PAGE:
Recently, I had such an exceptional dish of seafood that I decided to give it a go at home…
For most of us who live away from the sea, shellfish is a little daunting. Even if we order it when eating out, the prospect of dealing with crustaceans at home is intimidating. Prawns are quite commonplace now, even supermarkets stock them frozen in packets, graded and priced according to size.
But crabs and lobsters have scared me for years. Crabmeat — shelled, sanitised and packed neatly — I can handle. I know there is no comparison with the real thing, so whenever I’m in coastal climes I have at least one meal of crabs. Recently, though, I had such an exceptional dish that I decided to give it a go at home. I managed to get some crabs; what made it easier was that they were small enough to look almost friendly.
But I didn’t have a recipe. I could have picked one out of a book or the Net, but none of them would have been exactly the same as what I had at Starlight. Starlight is an unpretentious restaurant on the road going north from Baga in Goa. It’s sitting bang on the road. There is a room or two inside, but we sat in the covered verandah, with a view of some sporadic traffic outside. The weather was still and overcast, but a ceiling fan stirred up the air nicely. We sat on hard wooden benches, at workmanlike tables of unpolished wood. No decoration, no mood music. Two tables had single men eating quietly out of large steel thaalis and washing down their meal from stubby brown bottles: Duke’s beer, the local favourite. Another, a European, drove up on a scooter, parked outside and sat down to wait without ordering or any discussion about what he was going to eat. It augured well. And as it happened, the food was so spectacular that the ambience was irrelevant.
Catch of the day
I was tempted to just go with the locals and eat the day’s set meal. But, being greedy, had to ask what was available. The catch of the day was chanak, rock fish, and they had a consignment of fresh crabs. So we ordered both. The chanak was sliced thin, rubbed with some chilli paste and then rawa fried. I don’t think I’ve ever eaten better fish, light, flaky, crisp, and without a hint of oiliness. It came in a steel plate, with a bowl of lemon wedges on the side. (Imagine an upscale restaurant in a city like Delhi: the fish will be served in a square or rectangular white plate, with a floret of fresh coriander for beauty, and one measly lemon half cut painstakingly to give it serrated edges, arranged, for maximum aesthetic effect, at an angle to a small helping of fish.)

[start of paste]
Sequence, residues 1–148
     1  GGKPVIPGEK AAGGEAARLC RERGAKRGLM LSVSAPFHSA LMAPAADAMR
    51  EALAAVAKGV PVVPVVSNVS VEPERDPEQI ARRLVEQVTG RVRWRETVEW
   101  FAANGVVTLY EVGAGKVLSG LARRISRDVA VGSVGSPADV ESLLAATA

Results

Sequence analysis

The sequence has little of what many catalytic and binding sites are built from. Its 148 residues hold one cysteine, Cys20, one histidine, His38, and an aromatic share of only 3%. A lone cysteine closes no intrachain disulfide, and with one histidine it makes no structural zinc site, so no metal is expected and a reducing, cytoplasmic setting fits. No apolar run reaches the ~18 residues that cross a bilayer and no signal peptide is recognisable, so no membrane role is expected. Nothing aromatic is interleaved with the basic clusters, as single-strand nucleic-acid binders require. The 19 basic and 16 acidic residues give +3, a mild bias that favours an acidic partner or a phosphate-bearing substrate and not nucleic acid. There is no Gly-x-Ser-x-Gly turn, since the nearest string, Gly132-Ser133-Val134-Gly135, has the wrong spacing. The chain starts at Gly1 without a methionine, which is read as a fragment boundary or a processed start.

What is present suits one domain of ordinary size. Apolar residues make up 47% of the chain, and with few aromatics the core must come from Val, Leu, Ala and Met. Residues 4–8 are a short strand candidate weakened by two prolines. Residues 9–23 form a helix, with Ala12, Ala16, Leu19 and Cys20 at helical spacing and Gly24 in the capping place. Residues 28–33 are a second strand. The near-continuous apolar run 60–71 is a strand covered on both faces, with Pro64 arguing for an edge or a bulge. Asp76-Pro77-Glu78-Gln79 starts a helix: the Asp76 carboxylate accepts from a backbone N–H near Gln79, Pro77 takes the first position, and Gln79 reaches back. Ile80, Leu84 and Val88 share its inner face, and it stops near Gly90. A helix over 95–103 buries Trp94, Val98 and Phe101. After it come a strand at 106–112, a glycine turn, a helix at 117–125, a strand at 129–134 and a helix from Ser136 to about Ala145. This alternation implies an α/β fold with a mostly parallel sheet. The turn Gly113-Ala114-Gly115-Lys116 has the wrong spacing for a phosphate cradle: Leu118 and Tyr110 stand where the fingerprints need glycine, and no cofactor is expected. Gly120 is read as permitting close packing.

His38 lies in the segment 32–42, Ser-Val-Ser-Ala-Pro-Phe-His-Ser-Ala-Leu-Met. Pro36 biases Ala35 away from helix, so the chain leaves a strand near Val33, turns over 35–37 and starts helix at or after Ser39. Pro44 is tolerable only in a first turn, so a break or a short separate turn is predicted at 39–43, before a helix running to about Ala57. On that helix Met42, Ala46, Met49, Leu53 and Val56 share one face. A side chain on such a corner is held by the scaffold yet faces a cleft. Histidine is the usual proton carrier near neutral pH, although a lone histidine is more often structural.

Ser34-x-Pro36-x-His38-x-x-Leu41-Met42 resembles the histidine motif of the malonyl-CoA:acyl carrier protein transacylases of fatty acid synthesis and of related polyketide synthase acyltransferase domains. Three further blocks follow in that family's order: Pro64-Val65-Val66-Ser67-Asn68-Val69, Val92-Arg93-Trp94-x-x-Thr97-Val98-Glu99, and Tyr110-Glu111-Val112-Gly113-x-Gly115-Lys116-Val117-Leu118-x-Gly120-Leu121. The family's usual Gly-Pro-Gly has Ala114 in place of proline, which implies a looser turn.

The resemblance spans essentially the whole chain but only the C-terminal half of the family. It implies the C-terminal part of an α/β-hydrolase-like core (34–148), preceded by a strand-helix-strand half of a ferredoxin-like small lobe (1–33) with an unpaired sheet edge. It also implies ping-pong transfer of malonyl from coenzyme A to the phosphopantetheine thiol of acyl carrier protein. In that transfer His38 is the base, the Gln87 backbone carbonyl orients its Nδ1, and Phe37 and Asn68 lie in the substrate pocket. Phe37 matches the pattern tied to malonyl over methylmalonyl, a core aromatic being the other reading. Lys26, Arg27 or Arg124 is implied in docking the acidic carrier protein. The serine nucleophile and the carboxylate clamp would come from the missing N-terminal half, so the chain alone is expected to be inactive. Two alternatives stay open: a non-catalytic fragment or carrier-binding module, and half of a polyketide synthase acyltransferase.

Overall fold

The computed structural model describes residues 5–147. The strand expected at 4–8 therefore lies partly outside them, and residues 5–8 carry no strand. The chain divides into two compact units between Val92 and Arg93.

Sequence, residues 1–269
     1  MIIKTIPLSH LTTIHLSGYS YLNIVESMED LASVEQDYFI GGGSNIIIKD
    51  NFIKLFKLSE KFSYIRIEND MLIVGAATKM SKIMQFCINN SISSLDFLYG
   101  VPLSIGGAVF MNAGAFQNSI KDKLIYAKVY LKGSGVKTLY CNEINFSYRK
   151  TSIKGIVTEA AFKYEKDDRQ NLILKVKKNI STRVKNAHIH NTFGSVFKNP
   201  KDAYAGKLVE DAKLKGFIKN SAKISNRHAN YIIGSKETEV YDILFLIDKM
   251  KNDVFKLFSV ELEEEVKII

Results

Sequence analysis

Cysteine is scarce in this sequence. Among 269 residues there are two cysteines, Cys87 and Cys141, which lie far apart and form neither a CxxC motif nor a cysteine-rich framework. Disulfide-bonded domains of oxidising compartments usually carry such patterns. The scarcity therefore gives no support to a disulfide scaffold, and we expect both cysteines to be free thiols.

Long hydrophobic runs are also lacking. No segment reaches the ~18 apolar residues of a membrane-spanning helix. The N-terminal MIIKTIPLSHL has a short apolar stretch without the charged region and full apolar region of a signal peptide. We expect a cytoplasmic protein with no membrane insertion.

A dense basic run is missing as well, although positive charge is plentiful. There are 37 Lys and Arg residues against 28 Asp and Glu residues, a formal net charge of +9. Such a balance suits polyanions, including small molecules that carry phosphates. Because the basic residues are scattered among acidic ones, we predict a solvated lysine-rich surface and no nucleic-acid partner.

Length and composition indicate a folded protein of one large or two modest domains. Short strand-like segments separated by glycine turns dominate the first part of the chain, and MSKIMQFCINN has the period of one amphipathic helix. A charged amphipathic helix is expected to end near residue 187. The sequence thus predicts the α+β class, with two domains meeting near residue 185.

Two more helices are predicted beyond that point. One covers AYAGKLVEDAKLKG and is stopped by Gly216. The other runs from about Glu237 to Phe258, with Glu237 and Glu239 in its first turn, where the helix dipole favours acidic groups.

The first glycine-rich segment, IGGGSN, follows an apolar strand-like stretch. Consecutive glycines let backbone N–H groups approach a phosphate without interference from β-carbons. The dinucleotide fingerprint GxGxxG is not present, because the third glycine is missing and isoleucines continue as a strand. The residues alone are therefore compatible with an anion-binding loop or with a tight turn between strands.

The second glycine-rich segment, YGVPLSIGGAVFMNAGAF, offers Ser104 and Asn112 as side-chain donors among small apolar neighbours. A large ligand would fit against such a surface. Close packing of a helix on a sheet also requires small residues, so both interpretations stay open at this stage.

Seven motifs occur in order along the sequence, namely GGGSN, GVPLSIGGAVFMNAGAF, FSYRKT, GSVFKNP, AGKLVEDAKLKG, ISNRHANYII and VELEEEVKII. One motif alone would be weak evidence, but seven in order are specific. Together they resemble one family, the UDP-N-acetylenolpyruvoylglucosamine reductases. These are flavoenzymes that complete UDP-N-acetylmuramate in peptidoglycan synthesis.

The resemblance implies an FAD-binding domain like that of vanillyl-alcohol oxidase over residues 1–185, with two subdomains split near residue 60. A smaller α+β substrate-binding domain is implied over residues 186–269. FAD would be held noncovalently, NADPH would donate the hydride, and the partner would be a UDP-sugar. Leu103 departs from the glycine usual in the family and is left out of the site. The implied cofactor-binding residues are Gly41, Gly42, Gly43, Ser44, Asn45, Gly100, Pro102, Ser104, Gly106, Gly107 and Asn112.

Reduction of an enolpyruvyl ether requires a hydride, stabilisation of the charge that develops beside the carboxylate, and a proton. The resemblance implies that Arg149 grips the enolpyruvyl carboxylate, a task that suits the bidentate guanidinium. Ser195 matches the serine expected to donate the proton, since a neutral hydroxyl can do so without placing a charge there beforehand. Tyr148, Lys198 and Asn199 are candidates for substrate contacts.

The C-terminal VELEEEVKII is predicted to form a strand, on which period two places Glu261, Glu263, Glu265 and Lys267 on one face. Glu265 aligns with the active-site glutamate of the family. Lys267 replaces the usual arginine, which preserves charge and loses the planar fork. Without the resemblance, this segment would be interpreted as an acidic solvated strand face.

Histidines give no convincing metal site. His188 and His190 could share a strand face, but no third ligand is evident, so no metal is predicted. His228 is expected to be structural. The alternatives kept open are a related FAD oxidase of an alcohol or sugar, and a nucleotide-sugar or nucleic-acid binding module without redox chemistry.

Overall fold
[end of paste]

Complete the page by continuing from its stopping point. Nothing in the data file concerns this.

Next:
Ordering crab masala was a departure, because we are so deprived in the North that I usually like it just boiled, without any spices interfering with the delicate sweetness of crabmeat. But for two reasons I’m glad we did. One, less important, because if I want to cook crabs in Delhi, I can’t just boil them: they’re not as nice as those freshly caught. And this gave me some idea of how to cook them. And, two, because that was one of the best things I’ve ever eaten. The truth of the maxim about best food using only fresh and local ingredients was proven.
I didn’t ask for a recipe, but what went into the masala was not only visible but so fresh and fragrant that you couldn’t help but taste and identify it. Fresh green coconuts and chillies had been ground so coarsely that there were occasional white and green pieces you could bite into; there were whole black peppercorns that had been just about broken into two, and there was a mild undertone of coriander and cumin. Curry leaves and mustard seeds were sticking to the crabs, so they must have been part of the initial tempering.
I’ll try to describe how the dish looked, because my attempt isn’t quite the real McCoy. The crabs were cooked whole, claws still attached. They were covered in a generous paste of crunchy coconut and spices, with unground slivers of green and white. There was lots of greeny-black masala, enough to sit at the bottom of the plate and be wiped up later with rice. But the red of the crabs was still visible, where they weren’t coated. So I attempted it. Here goes…
Crab In Coconut Masala
For Masala paste
1 coconut, coarsely grated
6 green chillies
1 tsp black peppercorns
2 tsp coriander seeds
1 tsp whole cumin
10 crabs, washed and drained
2 tbsp vegetable oil
1/2 tsp turmeric powder
1 tsp mustard (sarson) seeds
12-16 leaves curry patta
Method: Coarsely grind masala paste ingredients, preferably on a sil-batta.
In a shallow, heavy-bottomed pan, heat oil and sauté mustard seeds and curry leaves. Over medium heat, place crabs in a single layer in the pan. Add turmeric. Turn over after about 2 minutes.
After another minute stir in coconut masala paste. Lower heat and cook, covered, for another couple of minutes. Remove from heat and serve with fresh lemon wedges on the side.
* If the masala looks too dry, add half a cup of coconut milk towards the end of cooking time
Vasundhara Chauhan is based in Delhi and works with Pratham’s ASER (Annual Status of Education Report).